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Public Key Infrastructure: How To Become A PKI Admin

Information security is a growing industry. Back in 2004, the cybersecurity industry was worth $3.5 billion worldwide. By 2015, it was worth $78 billion. It’s an industry that fielding a lot of jobs, and paying for them very well. According the the Bureau of Labor Statistics, the average yearly salary of an Information Systems Analyst was $92,600, and job growth between the years of 2012 and 2022 is expected to be as high as 37%—far above the average for other job sectors. And one of the best ways to get in on information security is through PKI.

So, what is Public Key Infrastructure?

Public Key Infrastructure (or PKI) is the foundation of all secure internet transactions. Nearly every secure transaction on the internet depends on the ability to ensure a given website's identity, then hold an encrypted exchange with them. None of that is possible without PKI encryption.

Here’s how it works. When a client tries to connect to a webpage that’s hosted on HTTPS, the client and the server first establish identities, with each providing certificates ensuring they are who they say they are (this defends against man-in-the-middle attacks). Next, the two parties conduct a “handshake,” where asymmetric key encryption is established, and a “shared secret” is created between the two parties. Building a strong PKI foundation ensures this whole process is smooth and secure.

Now, if any of that challenged your brain, you may want to brush up on your cryptography using the above links before reading further. While it is an invigorating career option, encryption is not shallow water, and you need to have a good head for it to be successful in it. If you can wrap your mind around the sometimes heavy descriptions given by the professionals, then you’ve got a head start on the competition.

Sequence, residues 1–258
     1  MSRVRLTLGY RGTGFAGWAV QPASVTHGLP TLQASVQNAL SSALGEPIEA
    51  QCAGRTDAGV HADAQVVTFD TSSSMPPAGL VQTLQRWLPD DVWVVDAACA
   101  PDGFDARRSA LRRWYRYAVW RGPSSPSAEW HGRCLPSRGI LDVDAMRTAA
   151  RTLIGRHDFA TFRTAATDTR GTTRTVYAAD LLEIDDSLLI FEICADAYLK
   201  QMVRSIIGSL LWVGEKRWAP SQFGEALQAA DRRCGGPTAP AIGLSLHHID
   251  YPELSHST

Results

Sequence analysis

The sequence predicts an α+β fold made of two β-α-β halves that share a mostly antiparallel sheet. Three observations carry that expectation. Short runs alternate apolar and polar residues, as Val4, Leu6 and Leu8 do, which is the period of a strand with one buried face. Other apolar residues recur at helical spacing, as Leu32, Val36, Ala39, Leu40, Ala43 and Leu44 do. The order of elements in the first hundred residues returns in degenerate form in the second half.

Getting the Job

If you’re done stuffing your head with jargon and tech lingo (or if the above description was par for the course for you), then you’re ready to start considering a job in the field of cyber security, specializing in PKI administration. It’s not a cakewalk, though, so if you’re serious, be prepared to put in some serious groundwork.

Education

Like any computer-related field, you’re being evaluated on the see-saw of experience vs. education. Many times, the experience will outweigh the education, but you will always be seen more favorably with a solid degree under your belt. Besides, many of the things you need to know as a PKI Administrator will be easier to learn with an expert to explain it to you.

PKI administrators require a pretty wide knowledge base, so feel free to pursue a degree in any of these fields as a precursor to a career:

  • Information Technology
  • Information Security
  • Computer Science
  • Information Systems Management
  • Information Services
Programming Languages

You can’t succeed working with PKI without some decent coding chops. It may be a hard pill to swallow, but there are few computer-related professions where you can get away with not knowing a coding language. So if you’ve been resisting until now, start learning now. Pick up a textbook, and start studying any of the following languages:

  • HTML
  • XML
  • JavaScript
  • C
  • C++
  • Objective-C
Knowledge Base

While you don’t have to be an expert on everything, you do need to be able to carry a full conversation discussing the following topics:

  • Symmetric/asymmetric cryptography
  • Secure hash functions
  • Digital signatures
  • SSL Certificates
Experience

Lastly, it’s important to understand that there are no entry-level PKI admin positions. It’s a specialization rather than a field, and that means you qualify for it in part by doing something else first. Serving as an IT administrator for several years is a good start. To be sure you have some security street cred to put on your resume, however, be sure you’re getting practice where you can. Offer to help out with security at your current job, or offer to start studying it.

In absence of paid opportunities, volunteer your services for non-profit organizations and do cybersecurity for them. It may seem like you’re working for free, but that volunteer experience looks great on a resume, and puts you ahead of applicants who have no security experience whatsoever.

Whatever you do, be sure you get some solid practice in at least the following:

  • PKI
  • SSL/TLS
  • S/MIME
  • SQL

If you have further questions about what it takes to make it in PKI and cyber security, feel free to talk to the professionals.

For help securing your keys and certificates, learn more about what Venafi can do for your business.

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